Activists in Hong Kong, Nigeria, and Russia also use this technology to fund their protests. People from around the world are able to send money to support these undertakings without any government being able to stop the transfer. In Venezuela, citizens are able to sell their possessions, store their wealth in bitcoin, and flee across the border without the government confiscating their life’s savings.4 All of this is possible with nothing more than access to a mobile device and an internet connection. While the technology is still fairly young, mobile devices and internet access are expanding quickly across the world, leaving the opportunity for the church worldwide to benefit from this innovation.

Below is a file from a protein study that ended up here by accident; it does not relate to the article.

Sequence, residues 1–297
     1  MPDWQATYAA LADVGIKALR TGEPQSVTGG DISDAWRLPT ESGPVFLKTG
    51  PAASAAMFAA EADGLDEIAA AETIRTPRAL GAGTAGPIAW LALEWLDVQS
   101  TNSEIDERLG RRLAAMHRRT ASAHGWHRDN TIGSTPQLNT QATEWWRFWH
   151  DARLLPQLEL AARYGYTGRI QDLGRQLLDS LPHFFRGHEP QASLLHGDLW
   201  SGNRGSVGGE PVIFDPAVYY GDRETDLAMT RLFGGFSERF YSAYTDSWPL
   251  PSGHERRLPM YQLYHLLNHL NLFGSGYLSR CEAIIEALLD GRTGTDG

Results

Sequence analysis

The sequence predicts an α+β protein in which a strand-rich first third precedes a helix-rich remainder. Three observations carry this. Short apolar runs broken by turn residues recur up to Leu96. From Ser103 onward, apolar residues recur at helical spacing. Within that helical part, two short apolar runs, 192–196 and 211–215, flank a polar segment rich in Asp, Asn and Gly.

Looking back on the history of the church, she is no stranger to taking advantage of technology to advance the Gospel. Around the year 1440 the Gutenberg Press was invented, providing an exponentially quicker way to produce books.5 This advancement in technology allowed the Bible to be in the hands of the average man for the first time ever. Christians no longer depended on the Catholic Church to hear the Word of God; they could read it for themselves. For the first time, these men and women were not reliant on the papacy to learn, but were able to come to conclusions for themselves and as a result the Reformation rapidly spread across Europe.